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A FEW REMINISCENCES.
The days of the years of our pilgrimage are “evil and few.” None but the children of God ever enjoy a moment of peace, and although the pious rejoice sometimes with “joy unspeakable,” yet this world is to them generally, but a vale of tears. To look forward to the end of the dismal journey, to that "point of time” which will seal their eternal destiny, is an awful business-even to some good people it is appalling.
I was thinking a little while since about the “ Act and Testimony,” about the Convention of disorganizers at Pittsburgh, about the war in the Presbyterian church, about Presbyterians who would unchurch me, and about other denominations who believe that beyond their own party-wall, there is little religion, and the thought crossed my mind, “what importance will those brethren attach to those peculiarities at the hour of death ?" Suppose you that one of them will die rejoicing in the “ Act and Testimony," or in the “ Book of Common Prayer," or in the Wesleyan “ Discipline"? I thought of the
happy death-beds of some of my friends of different religious persuasions, and I could not remember that they said a single word about a party name.
I knew a lady, the widowed mother of several children. She had been affluent, but poverty and blindness visited her about the same time. She had a mind unusually strong and discriminating, had read much, and was warmly attached to the Episcopal church, to its government, its rites, its liturgy, and to its doctrines according to their literal meaning. In early life she had devoted herself to God. I believe for years she was distressed with no doubts as to her interest in the Saviour's blood; indeed she was satisfied as to the moment in which she was justified by faith. She was not at all superstitious, but the couplet
The Spirit answers to the blood
was carried home to her with great power. Children and husband and fortune were taken from her -she submitted : disease preyed upon her body,she was resigned, knowing that her light affliction would work out for her a far more exceeding and eternal weight of glory; day and night became alike to her-she was light in the Lord. After years of mental and corporeal suffering, (but rejoicing all the while in hope) she met the king of terrors without a single fear, as to the result of the conflict; and having committed her two surviving daughters to God in prayers, not only fervent, but more pertinent than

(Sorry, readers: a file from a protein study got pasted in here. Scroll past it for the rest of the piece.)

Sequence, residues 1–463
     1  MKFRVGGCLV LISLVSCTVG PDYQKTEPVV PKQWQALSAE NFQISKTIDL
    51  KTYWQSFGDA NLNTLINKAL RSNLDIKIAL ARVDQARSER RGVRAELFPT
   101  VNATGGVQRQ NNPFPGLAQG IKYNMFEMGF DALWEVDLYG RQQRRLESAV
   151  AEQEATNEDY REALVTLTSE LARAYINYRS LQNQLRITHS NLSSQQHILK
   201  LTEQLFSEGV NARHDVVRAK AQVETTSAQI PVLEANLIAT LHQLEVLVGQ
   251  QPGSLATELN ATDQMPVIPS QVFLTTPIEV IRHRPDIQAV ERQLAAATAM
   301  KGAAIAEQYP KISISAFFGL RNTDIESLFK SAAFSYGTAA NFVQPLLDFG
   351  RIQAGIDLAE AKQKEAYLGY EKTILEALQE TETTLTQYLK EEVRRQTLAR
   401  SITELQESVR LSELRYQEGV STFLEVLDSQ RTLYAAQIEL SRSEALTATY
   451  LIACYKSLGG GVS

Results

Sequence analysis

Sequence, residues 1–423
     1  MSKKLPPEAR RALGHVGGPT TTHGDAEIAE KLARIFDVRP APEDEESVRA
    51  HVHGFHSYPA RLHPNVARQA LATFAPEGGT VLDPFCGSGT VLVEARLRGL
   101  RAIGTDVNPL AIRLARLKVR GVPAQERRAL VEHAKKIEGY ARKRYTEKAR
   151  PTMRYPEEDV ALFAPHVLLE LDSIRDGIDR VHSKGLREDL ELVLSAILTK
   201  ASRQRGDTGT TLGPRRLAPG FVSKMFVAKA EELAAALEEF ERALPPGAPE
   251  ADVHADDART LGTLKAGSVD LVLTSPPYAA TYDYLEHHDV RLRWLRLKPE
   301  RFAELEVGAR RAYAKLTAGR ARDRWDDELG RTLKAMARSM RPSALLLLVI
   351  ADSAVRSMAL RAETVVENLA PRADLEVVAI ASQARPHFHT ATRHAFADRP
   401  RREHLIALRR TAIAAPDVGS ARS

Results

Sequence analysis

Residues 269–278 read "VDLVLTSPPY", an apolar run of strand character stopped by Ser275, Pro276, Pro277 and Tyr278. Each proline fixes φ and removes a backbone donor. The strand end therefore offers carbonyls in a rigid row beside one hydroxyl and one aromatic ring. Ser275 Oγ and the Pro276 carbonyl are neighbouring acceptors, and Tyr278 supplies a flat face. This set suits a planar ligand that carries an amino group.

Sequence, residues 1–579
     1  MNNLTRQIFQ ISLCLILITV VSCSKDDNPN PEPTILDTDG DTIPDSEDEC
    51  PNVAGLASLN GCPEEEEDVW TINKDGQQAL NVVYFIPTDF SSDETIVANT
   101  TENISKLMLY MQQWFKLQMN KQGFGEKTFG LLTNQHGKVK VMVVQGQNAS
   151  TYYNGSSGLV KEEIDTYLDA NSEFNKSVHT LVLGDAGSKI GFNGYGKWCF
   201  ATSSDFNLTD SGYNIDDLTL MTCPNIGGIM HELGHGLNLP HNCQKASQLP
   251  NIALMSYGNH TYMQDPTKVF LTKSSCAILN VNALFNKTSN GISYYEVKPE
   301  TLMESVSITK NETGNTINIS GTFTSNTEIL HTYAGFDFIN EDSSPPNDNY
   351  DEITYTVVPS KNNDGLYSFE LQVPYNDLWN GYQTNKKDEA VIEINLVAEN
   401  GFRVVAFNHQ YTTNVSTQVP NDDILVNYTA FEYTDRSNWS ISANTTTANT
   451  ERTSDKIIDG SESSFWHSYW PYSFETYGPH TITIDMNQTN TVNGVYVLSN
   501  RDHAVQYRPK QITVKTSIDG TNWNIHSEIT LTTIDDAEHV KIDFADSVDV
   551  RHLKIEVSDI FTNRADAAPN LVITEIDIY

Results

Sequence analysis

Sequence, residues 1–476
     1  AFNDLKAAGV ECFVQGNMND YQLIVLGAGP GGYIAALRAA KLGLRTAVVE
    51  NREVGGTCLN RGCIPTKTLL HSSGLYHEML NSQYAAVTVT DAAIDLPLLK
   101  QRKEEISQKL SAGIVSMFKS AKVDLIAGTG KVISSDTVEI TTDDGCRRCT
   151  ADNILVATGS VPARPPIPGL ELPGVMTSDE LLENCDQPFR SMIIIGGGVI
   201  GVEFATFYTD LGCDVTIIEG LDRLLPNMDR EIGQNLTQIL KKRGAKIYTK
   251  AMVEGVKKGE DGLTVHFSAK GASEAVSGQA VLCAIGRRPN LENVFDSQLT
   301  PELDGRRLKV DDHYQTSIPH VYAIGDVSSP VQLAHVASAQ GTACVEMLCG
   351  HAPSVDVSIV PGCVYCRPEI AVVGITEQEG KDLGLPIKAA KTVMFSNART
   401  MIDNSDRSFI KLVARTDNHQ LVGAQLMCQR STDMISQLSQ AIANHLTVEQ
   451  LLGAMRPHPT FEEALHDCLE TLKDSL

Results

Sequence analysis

any that can be found in the “ Book of Common Prayer,” she fell asleep. She could repeat a large portion of the Psalter, and perhaps the whole of the morning and evening services of the Episcopal church. I love to think of her daughters. They were left very young, and almost friendless, but they will never be forsaken, nor beg their bread; the truth is, their mother invested their inheritance in the safest stock in the universe of God!
I knew another widowed mother of several children, whom she endeavoured to rear “ in the nurture and admonition of the Lord.” She was from principle a Presbyterian, although baptized and educated in a different branch of the church of Christ. I have seen her reading the scriptures to her children weeping as she read—I have seen her examining her household on Sabbath evenings as to their acquaintance with Bible truth, and especially of that summary of its doctrines which is contained in the Assembly's Shorter Catechism. She was more anxious to depart and be with Christ, than any child of the kingdom I have ever known. I saw her on one occasion, when a son who had visited her was about to leave her, remove her cap, clip a lock of hair, which with some gold she handed to him, saying in substance, “ My child! I am about to die—make of these something in memory of your mother.” She was then in health apparently as good as usual, and although that son saw her again very soon, she was on her death-bed. She walked in the garden on an evening shortly after the former interview, was over